Section 223 Health Savings Account Administration
A Section 223 Health Savings Account (HSA) is a tax deferred, participant owned bank account that allows the account holder covered under a qualified High-Deductible Health Plan (HDHP) to use pre-taxed money toward qualified medical expenses. Unused HSA funds can be carried over from year to year, which allows participants to save for future healthcare costs as well. These are the newest types of accounts to come out of the Consumer Driven Health Care (CDHC) initiatives.
By offering a High Deductible Health Plan with a Health Savings Account, an employer is able to reduce premiums as these high deductible plans generally have significantly lower premiums than traditional PPO plans. The employer and/or the employees can use the savings on the health insurance premiums to fund the HSA. Since HSA dollars rollover from year to year, this allows employees tax deferred assistance with future medical expenses, as well as a potential retirement savings vehicle.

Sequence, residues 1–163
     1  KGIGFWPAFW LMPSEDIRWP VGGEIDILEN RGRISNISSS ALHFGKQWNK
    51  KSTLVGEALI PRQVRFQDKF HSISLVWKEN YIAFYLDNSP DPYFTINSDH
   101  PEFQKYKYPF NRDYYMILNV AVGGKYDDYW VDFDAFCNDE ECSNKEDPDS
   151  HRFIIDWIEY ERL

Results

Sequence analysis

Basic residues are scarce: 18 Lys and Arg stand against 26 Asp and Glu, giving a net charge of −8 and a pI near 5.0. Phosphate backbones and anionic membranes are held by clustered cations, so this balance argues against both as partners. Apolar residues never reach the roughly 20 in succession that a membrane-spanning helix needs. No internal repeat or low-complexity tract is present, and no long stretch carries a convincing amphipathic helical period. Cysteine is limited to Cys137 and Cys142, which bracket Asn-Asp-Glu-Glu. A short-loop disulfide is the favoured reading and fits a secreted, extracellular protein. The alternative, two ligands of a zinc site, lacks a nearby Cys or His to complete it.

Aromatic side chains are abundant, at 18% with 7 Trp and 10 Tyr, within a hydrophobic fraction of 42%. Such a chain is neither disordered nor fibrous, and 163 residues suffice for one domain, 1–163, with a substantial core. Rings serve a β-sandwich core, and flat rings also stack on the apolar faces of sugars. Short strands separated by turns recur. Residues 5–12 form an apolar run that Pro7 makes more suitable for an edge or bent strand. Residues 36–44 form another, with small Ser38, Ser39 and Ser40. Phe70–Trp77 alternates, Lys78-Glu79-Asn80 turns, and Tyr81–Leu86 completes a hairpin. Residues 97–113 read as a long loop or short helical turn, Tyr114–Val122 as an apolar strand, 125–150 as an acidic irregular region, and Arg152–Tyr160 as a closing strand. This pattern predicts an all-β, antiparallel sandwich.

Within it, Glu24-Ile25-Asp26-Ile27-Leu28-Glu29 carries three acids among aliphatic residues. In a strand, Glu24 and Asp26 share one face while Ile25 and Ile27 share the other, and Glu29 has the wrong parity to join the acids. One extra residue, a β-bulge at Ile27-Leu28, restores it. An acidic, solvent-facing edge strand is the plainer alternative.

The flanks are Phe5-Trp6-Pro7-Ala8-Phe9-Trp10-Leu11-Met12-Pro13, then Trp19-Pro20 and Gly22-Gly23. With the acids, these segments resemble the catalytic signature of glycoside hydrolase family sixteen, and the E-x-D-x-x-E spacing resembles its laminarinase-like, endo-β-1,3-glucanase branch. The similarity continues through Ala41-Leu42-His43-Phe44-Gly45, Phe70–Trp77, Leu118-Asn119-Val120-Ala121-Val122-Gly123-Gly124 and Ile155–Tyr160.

The HSA is similar to a personal savings/checking account, with most of the features of a traditional checking account. In order to be eligible to contribute to the HSA account, participants cannot be covered by any other health plan that is not an HDHP (i.e. limitations include, but are not limited to the following; participants cannot be covered by a spouse’s insurance that is not a qualified HDHP, cannot be enrolled under Medicare, cannot be claimed as a dependent on another person’s tax return and their spouse cannot have a Flexible Spending Account). Annual contributions that are permitted to be made into an HSA account are limited to the federal maximum and the IRS indexes contribution limits each year.